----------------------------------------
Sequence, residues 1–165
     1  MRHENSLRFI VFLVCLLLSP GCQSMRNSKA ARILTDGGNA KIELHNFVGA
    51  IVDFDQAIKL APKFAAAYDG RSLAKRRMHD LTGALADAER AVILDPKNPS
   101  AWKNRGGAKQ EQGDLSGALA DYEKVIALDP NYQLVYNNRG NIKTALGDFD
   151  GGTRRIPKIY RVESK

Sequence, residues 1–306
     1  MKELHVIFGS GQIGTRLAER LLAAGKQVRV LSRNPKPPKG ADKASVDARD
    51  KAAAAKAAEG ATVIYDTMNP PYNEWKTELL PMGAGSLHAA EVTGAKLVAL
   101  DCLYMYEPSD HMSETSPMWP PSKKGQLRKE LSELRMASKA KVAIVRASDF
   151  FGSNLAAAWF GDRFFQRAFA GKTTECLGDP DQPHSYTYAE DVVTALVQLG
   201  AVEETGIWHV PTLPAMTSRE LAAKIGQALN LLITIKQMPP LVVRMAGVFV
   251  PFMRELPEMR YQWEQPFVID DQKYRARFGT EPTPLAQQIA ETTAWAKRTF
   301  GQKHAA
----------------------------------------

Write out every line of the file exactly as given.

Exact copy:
Sequence, residues 1–165
     1  MRHENSLRFI VFLVCLLLSP GCQSMRNSKA ARILTDGGNA KIELHNFVGA
    51  IVDFDQAIKL APKFAAAYDG RSLAKRRMHD LTGALADAER AVILDPKNPS
   101  AWKNRGGAKQ EQGDLSGALA DYEKVIALDP NYQLVYNNRG NIKTALGDFD
   151  GGTRRIPKIY RVESK

Sequence, residues 1–306
     1  MKELHVIFGS GQIGTRLAER LLAAGKQVRV LSRNPKPPKG ADKASVDARD
    51  KAAAAKAAEG ATVIYDTMNP PYNEWKTELL PMGAGSLHAA EVTGAKLVAL
   101  DCLYMYEPSD HMSETSPMWP PSKKGQLRKE LSELRMASKA KVAIVRASDF
   151  FGSNLAAAWF GDRFFQRAFA GKTTECLGDP DQPHSYTYAE DVVTALVQLG
   201  AVEETGIWHV PTLPAMTSRE LAAKIGQALN LLITIKQMPP LVVRMAGVFV
   251  PFMRELPEMR YQWEQPFVID DQKYRARFGT EPTPLAQQIA ETTAWAKRTF
   301  GQKHAA